The same guidelines apply to air travelers, although carriers aren’t likely to be as explicit with the advice. Nor are widespread audits expected of Cuba travelers once they return to the U.S., said VanLeeuwen, who led a JetBlue study of its planned Cuba service. “We’ve talked to several firms that specialize in Cuba and pretty much across the board have heard that the enforcement … is highly contingent on the political climate, and more specifically the presidential administration,” he said. Several travelers to Cuba were fined for embargo violations during President George W. Bush’s administration but “under the Obama administration, everyone I’ve talked to said that hasn’t occurred,” VanLeeuwen said. If Republican presidential candidate Donald Trump wins in November, those records may come in handy, whereas a Hillary Clinton administration is unlikely to change course on Cuban foreign policy.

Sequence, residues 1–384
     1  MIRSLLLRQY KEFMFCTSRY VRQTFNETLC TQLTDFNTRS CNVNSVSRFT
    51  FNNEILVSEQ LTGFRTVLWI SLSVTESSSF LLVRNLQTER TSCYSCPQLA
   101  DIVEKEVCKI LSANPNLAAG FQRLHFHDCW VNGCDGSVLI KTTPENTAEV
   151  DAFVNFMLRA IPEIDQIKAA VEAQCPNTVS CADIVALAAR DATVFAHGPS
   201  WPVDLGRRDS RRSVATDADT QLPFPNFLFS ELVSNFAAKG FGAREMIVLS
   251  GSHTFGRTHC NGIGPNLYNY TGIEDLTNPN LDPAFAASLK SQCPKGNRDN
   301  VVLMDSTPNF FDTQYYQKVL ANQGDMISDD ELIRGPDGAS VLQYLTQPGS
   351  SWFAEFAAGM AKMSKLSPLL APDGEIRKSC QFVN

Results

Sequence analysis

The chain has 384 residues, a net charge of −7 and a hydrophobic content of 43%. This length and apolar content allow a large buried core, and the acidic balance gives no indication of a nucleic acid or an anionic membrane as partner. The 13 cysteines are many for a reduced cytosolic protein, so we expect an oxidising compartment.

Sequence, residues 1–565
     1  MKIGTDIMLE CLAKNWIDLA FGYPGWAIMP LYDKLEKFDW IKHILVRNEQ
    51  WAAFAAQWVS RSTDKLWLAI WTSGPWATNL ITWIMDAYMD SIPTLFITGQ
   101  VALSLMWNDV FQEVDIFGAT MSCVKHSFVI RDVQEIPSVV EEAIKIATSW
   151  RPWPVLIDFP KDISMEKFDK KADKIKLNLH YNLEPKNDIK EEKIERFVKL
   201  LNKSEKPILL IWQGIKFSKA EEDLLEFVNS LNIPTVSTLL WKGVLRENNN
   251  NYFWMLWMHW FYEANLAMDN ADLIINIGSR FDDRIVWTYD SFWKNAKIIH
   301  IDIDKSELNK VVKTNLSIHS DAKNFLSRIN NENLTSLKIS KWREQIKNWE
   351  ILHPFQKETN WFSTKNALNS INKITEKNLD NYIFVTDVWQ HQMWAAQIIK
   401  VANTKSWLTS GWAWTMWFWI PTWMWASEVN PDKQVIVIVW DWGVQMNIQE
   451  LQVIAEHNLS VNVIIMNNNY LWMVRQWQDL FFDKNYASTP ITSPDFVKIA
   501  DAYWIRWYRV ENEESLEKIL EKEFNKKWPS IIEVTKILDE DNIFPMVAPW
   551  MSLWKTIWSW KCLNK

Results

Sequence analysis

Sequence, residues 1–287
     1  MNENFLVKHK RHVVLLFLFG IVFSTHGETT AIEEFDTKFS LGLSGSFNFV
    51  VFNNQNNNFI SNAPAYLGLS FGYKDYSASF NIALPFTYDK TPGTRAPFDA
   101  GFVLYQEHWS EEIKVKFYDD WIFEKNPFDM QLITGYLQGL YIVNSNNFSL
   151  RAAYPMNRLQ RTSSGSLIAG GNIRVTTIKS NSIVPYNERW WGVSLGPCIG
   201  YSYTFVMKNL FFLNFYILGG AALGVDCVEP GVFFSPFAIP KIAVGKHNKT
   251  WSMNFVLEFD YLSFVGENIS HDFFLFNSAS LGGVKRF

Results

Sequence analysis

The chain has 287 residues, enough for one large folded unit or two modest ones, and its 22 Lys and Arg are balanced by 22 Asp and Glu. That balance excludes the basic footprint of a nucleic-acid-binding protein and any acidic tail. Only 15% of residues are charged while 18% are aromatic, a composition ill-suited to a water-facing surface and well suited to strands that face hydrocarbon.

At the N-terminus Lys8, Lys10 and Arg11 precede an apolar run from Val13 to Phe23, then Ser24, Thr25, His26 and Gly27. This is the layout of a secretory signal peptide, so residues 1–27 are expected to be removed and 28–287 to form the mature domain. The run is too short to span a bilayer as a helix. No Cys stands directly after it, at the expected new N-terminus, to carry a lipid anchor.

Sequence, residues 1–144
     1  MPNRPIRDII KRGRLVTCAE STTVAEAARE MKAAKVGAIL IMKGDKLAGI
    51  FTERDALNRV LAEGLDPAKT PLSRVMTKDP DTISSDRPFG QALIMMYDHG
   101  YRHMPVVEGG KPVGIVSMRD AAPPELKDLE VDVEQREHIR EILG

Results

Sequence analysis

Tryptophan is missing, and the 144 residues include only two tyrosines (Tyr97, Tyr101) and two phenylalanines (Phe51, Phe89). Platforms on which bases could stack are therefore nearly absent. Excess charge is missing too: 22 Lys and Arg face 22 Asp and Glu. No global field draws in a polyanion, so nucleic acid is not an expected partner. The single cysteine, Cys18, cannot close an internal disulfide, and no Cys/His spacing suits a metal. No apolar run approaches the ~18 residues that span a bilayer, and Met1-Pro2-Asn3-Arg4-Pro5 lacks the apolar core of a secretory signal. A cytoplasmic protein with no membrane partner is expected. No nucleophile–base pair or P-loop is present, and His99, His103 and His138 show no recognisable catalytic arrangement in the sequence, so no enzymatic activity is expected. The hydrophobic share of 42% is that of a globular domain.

Over time, a jaunt to Cuba will become less onerous in terms of navigating the rules, much as Americans have mastered the intricacies of traveling to China, said Eduardo Marcos, American Airlines’s managing director of alliances and partnerships. “What we’re trying to do here is strike a balance between ensuring all of our customers comply with regulations … and making the customer experience as seamless as possible,” he said. “People are going to get used to it. But it’s going to take months, if not years, to get to that point.”
To contact the author of this story: Justin Bachman in Dallas at firstname.lastname@example.org.
To contact the editor responsible for this story: David Rovella at email@example.com.
©2016 Bloomberg L.P.
This article was written by Justin Bachman from Bloomberg and was legally licensed through the NewsCred publisher network.